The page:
We can reasonably say that Jardine is a bad style matchup for just about anyone, but let’s remember that Jardine hurt his leg in the second round. That should have given Vera the edge to take the second and third rounds, and the decision victory.
I don’t think the UFC should necessarily cut Brandon permanently. But it might not be the worst idea to suggest a break from the UFC to compete in a few bouts in smaller promotions before coming back. Because with a contract paying him $100,000 to show up and $100,000 to win, giving Vera chance after chance to prove himself, is a slap in the face to guys who go out and give it all for 10 grand.P.S.: Visit MMAEruption.com and read about the UFC Drinking Game!
by Michael Comeau… I just took a look at the UFC/MMA betting lines over at BetUS. They are pretty much what I expected, but I do see potential value for gamblin’ types in two fights. But first, here’s a quick list of the current odds:
Chris Leben +175
Michael Bisping -220
Keith Jardine +145
Brandon Vera -185
Anderson Silva -800
Patrick Cote +550
Joe Stevenson +135
Kenny Florian -175
Brock Lesnar -130
Randy Couture -110
Frank Mir +225
A. Nogueira -350
Quinton Jackson -120
Wanderlei Silva -120
Rashad Evans +120
Forrest Griffin -160
Rich Franklin -105
Dan Henderson -135
Overall, there aren’t many surprises here, but I do see some value in a couple of fights. First, I think MMA Fans may be underestimating Joe Stevenson’s chances against Kenny Florian next month at UFC 91. Kenny is probably a better fighter from a technical standpoint, especially when it comes to striking, but Joe has a great ground game and can deliver a furious pace.
And while it’s hard to argue with success, I wasn’t terribly impressed with Kenny’s last two victories. The fight with Joe Lauzon would have been pretty close had Lauzon not gassed, and Roger Huerta was clearly overhyped by the UFC’s marketing machine ahead of their fight.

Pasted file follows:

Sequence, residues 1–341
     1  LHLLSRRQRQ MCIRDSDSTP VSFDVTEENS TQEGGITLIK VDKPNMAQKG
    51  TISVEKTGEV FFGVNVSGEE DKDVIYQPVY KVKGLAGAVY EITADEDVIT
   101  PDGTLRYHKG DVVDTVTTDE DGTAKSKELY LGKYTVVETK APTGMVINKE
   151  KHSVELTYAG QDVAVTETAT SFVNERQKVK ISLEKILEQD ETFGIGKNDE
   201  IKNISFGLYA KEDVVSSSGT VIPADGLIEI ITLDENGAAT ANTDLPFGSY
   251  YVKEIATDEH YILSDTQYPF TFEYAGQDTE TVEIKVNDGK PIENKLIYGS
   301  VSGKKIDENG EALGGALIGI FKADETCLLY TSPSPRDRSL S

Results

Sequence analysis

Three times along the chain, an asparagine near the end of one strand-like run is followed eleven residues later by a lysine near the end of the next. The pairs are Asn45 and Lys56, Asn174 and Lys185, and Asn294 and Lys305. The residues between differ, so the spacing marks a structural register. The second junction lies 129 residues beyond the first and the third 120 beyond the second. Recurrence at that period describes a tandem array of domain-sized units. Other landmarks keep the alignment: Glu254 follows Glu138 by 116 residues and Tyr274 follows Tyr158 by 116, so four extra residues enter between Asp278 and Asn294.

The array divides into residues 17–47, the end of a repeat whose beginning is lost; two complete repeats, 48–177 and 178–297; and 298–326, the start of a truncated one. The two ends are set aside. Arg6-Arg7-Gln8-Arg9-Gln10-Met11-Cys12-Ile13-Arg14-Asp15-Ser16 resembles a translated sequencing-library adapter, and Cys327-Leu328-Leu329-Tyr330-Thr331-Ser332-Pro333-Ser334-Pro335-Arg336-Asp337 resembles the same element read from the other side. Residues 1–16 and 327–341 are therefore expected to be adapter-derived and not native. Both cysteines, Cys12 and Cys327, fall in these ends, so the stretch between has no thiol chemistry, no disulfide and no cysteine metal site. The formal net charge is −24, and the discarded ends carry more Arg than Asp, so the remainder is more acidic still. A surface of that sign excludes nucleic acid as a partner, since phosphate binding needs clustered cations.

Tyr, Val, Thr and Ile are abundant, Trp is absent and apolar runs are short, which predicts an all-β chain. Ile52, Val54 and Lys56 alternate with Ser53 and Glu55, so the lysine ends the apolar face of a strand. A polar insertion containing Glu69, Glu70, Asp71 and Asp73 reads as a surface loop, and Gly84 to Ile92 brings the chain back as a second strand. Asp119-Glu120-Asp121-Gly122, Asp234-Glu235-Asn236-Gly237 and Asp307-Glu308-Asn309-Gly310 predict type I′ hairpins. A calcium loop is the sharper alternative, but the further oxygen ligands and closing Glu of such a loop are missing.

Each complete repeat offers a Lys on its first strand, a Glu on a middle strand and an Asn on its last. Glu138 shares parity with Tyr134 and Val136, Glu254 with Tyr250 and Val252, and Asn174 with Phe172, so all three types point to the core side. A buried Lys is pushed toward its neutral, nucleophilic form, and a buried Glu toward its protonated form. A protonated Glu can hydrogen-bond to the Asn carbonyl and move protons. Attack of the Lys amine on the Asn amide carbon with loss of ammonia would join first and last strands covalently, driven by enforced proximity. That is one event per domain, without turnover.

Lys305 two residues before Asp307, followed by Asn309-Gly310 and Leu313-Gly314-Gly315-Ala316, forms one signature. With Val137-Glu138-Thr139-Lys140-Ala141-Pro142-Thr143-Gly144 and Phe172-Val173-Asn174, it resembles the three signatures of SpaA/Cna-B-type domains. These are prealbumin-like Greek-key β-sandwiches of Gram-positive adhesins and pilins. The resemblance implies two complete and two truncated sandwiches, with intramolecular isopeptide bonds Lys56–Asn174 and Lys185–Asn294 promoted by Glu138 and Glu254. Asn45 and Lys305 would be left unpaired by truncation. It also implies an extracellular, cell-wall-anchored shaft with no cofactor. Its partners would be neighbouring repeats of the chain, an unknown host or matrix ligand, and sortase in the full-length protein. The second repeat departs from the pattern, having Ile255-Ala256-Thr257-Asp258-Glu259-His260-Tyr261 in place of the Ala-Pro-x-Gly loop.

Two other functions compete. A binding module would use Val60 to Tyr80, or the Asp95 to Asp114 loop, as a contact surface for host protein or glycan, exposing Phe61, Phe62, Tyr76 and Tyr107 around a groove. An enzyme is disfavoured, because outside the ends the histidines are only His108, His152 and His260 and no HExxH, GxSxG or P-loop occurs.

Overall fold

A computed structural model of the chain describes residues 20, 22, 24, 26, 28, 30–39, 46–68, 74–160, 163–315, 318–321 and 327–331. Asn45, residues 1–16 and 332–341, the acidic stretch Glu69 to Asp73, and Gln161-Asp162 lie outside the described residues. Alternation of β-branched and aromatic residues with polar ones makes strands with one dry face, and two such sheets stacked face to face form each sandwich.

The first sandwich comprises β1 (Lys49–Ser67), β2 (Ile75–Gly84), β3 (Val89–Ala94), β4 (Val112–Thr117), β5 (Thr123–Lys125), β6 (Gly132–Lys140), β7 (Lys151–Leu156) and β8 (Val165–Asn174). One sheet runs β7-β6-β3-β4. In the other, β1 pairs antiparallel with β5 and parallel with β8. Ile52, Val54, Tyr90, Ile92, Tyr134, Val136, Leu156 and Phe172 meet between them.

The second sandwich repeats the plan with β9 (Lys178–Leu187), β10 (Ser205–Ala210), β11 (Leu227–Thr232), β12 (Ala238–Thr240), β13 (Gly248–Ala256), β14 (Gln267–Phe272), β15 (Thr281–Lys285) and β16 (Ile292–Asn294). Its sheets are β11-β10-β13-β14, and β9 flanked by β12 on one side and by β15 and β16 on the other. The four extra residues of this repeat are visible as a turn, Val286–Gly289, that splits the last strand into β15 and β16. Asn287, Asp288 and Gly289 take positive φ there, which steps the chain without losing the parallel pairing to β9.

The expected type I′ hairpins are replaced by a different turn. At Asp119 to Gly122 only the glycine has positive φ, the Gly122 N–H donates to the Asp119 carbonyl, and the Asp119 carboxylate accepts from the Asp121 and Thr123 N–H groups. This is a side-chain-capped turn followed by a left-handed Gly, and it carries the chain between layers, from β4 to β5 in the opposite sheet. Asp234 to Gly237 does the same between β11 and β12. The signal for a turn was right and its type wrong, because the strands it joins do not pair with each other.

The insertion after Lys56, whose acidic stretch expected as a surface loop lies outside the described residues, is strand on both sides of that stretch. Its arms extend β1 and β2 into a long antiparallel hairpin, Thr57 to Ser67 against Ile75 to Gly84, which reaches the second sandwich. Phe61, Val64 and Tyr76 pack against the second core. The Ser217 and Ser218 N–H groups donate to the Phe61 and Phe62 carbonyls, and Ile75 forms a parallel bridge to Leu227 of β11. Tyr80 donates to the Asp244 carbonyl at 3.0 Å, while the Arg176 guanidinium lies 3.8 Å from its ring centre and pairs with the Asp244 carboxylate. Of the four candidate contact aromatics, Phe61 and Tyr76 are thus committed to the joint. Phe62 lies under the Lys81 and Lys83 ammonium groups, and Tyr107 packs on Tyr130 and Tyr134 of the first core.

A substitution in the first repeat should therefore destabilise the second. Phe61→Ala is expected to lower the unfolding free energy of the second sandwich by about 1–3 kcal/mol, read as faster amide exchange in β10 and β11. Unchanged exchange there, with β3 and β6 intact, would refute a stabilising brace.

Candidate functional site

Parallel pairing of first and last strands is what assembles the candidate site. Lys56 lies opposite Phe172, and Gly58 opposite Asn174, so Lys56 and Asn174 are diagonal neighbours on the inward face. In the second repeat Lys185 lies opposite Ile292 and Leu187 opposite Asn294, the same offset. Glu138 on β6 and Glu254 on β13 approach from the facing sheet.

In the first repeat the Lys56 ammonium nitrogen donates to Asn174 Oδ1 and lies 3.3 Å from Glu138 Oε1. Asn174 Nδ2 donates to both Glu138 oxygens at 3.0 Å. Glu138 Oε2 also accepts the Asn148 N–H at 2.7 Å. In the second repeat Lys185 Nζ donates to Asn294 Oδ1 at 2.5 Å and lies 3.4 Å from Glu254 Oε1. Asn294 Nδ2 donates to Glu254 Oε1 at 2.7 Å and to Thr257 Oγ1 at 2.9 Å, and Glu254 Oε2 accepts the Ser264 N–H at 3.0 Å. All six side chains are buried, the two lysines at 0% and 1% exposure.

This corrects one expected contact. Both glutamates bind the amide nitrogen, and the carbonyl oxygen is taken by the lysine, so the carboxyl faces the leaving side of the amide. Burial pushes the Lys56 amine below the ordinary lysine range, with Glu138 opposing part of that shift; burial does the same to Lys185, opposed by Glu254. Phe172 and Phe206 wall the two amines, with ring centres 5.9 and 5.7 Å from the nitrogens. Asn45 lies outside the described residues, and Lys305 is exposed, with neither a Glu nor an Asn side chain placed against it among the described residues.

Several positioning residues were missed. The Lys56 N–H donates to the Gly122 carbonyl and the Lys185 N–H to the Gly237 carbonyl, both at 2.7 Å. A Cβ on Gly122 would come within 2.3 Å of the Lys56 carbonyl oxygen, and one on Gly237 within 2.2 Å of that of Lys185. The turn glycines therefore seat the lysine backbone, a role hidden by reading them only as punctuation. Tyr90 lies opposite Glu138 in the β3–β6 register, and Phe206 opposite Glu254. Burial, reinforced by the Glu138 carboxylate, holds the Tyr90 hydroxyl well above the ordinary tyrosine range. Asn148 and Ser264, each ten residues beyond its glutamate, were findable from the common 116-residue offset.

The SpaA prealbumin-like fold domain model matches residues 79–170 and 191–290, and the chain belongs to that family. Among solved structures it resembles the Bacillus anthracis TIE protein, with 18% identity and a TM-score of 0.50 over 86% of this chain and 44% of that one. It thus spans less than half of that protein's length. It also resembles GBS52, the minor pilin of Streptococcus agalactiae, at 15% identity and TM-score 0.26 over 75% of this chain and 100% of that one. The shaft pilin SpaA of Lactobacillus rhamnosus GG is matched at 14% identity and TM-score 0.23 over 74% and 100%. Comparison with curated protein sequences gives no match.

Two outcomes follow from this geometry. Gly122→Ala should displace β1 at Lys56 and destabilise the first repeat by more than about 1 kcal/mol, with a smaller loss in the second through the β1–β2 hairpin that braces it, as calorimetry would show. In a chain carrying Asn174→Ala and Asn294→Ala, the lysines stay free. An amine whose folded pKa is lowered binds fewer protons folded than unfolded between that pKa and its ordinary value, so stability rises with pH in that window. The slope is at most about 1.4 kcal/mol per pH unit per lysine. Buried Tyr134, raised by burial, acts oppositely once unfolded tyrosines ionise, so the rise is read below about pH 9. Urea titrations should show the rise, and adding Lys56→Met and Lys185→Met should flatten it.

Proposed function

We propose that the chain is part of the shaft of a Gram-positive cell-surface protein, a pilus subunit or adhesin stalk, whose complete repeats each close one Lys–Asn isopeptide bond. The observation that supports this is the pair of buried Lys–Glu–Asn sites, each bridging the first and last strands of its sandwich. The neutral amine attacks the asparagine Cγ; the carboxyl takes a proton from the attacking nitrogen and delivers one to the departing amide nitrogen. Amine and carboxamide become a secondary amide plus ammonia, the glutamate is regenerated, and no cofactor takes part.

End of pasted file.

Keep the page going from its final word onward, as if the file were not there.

Secondly, I think Rashad Evans has a decent chance of beating Forrest Griffin. Forrest definitely has the edge in the heart and determination department, but Rashad definitely has the goods to win. He’s a good wrestler with excellent speed, and he does have some power on the feet as evidenced by his brutal knockout of Chuck Liddell at UFC 88. Rashad also has Greg Jackson, one of the sport’s best game planners, in his corner. (nothing against Xtreme Couture!)
I’m not placing any bets myself at this point, but these are the two picks where I see some value at this early stage.
P.S. Visit MMAEruption.com and read about upcoming bouts.
by Michael Comeau… Brandon Vera’s career inside the Octagon has been something of a roller coaster since his UFC debut at Ultimate Fight Night 2 in late 2005.
However, “The Truth” is now at a crossroads in his career, and he’ll have to pull off an impressive win against “The Dean of Mean” Keith Jardine this Saturday Night at UFC 89 to get back on the path towards becoming a star.
An undersized heavyweight, Brandon proved he could nonetheless play with the big boys by peeling off four straight wins in the UFC, all of them being first or second round finishes.